This winter, while Eco Retreats has been closed, I’ve been supporting various projects in Africa, all related to the global food and agriculture system. Through my work in international development over many years, I have seen first-hand the interconnectedness between the poverty of millions of small-scale farmers across Africa and Asia, the growing global health crisis, and the rapidly increasing environmental degradation. Looking more deeply at our food system offers solutions to address all three at the same time – and it starts with our everyday food choices.
Below, our karma yogi Emma Eberhardt introduces some of the challenges present across our global food system and how we got here. In future blogs in the series, we will dive deeper into the issues and how we can respond as individuals to revolutionize the system – to improve our health, share economic benefits more equitably and feed an ever-growing population while staying within planetary resource boundaries.
“Our current food system optimises calories over nutrients, to the detriment of our health and our planet’s health. As economic prosperity rises around the world, the quality of our diets is deteriorating at an alarming and unprecedented pace. To date, one in three people around the world is malnourished. 12 million deaths were attributed to unhealthy diets in 2015. In economic terms, malnutrition costs $3.5 trillion annually, with obesity related diseases, such as cardiovascular disease and type 2 diabetes adding another $2 trillion.
How did we get here? After the Second World War, Governments around the world came together to form global institutional organisations to eradicate famine and hunger, forming the multilateral system that we know today. Efforts such as the Millennium Development Goals and the Sustainable Development Goals increased political will and financial support to establish a global food system geared towards eliminating hunger. These efforts were effective in reducing famine around the world, but together with subsidies, they have encouraged large scale industrial production of particular foods and food groups, especially grains (and grain-fed meat).
Detrimental effects caused by today’s farming practices include water and air pollution, soil degradation, loss of habitat and decreased biodiversity. Many species, including pollinators, soil organisms, and the natural enemies of crop pests are decreasing in number. The rapid decline in key ecosystem resources such as freshwater supply, reduction in natural protection against storms, increased flooding and other hazards, and the destruction of habitats for species such as fish and pollinators are threats to our life-supporting ecosystems, in turn threatening our food resilience.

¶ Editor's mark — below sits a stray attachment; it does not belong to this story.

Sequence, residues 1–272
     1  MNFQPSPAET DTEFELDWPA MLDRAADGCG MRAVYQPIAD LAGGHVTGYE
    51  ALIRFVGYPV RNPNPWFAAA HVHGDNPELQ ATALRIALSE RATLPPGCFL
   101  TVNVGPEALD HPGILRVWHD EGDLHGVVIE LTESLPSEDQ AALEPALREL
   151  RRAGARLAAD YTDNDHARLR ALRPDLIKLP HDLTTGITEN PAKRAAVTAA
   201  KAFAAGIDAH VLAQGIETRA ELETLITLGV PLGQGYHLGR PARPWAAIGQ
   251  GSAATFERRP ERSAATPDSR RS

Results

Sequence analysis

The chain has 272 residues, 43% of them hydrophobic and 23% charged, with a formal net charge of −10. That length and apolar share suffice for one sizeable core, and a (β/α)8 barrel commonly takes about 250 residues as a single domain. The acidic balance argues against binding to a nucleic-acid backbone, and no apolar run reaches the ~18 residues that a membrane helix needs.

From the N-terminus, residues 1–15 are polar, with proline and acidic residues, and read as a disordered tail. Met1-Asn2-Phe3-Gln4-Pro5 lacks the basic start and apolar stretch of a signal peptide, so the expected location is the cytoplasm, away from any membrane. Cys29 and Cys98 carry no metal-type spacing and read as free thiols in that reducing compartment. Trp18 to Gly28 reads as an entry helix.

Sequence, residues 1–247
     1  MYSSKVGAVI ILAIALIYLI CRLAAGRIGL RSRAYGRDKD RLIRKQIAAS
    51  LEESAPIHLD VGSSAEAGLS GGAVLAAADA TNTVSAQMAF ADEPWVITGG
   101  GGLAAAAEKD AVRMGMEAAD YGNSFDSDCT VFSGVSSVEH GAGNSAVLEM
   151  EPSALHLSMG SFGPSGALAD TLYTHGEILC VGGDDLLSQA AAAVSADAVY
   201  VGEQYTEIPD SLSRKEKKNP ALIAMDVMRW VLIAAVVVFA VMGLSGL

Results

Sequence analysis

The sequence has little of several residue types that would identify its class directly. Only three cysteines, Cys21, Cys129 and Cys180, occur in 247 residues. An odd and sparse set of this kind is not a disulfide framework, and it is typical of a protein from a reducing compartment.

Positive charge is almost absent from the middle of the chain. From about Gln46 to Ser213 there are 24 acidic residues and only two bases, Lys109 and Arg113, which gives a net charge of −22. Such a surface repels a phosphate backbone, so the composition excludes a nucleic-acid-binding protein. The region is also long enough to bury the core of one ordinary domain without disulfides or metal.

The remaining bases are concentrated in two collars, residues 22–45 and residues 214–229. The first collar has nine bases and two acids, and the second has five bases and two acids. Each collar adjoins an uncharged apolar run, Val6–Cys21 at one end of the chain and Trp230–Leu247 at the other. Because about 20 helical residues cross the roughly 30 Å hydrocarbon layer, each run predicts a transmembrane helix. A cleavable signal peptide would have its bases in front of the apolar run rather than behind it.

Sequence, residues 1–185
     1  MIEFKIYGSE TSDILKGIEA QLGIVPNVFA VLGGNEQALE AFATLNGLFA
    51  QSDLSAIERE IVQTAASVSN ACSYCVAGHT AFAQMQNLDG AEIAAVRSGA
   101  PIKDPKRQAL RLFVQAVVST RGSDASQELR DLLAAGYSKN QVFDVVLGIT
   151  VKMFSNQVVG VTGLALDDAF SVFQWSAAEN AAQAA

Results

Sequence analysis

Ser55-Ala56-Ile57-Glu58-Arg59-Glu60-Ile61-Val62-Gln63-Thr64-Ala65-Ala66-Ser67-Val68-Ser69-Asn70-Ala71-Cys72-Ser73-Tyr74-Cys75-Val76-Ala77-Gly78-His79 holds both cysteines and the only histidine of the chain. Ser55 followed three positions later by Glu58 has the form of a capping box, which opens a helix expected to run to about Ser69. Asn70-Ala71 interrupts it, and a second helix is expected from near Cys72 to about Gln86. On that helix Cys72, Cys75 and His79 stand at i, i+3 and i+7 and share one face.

Current agricultural systems are vested in economic and political interests, putting profit and quantity over people and quality. Food companies have invested heavily in marketing and increasing the availability of energy-dense, nutrient-poor and ultra-processed foods. Farmers struggle to survive and thrive solely based on their agricultural businesses, in a system that rewards corporations more than those who provide us with food. EcoNexus reports that a handful of corporations now control world food production including animal feed production, livestock breeding, seed production, commodity production, processing, trade and retail, and fertiliser and pesticide manufacturing. Many resilient and nutritious local breeds and food crop varieties have been lost as a result.
On top of this, our 9 to 5 lifestyles in busy cities, with limited access to nature, leave little space for producing and cooking our own food. We have become disconnected from where and how our food is grown. Some of us rarely even fully taste our food: the practice of mindful eating has given way to multi-tasking, and cherishing meals shared with loved ones has given way to eating on the go.
We need a food revolution. It is up to us as conscious global citizens to make our concerns heard and to vote each time we shop for a better food system, changing the world one meal at a time. Let’s start this week just by taking the time to notice what we eat and how we eat it. Are we aware of the origins of our food? Do we know what is in the processed food we are consuming or feeding our families – have we checked for ingredients that may be harmful to our health, or to the planet? Are we eating mindfully, and feeling gratitude for all the people who have invested their labour to bring this food to us? How do we feel after we eat?
Please follow our upcoming blog posts for more info and practical suggestions how we can work together to co-create solutions and food systems that meet our needs today.”
One of the simple pleasures our guests enjoy at Eco Retreats is cooking slowly over an open fire, taking time to enjoy the food and sharing it with friends, family and colleagues in the fresh forest air. It’s a great place to pause and reflect on our life’s values and how we want to live in the world (and just have a great time relaxing in the stunning forest!!)
Stay tuned to find out more about our corporate retreat offering, as we work to catalyze positive global change by bringing business leaders together to innovate and create positive impact in a natural environment.
We open this year on 1st April – head over to www.ecoretreats.co.uk to book your slot today!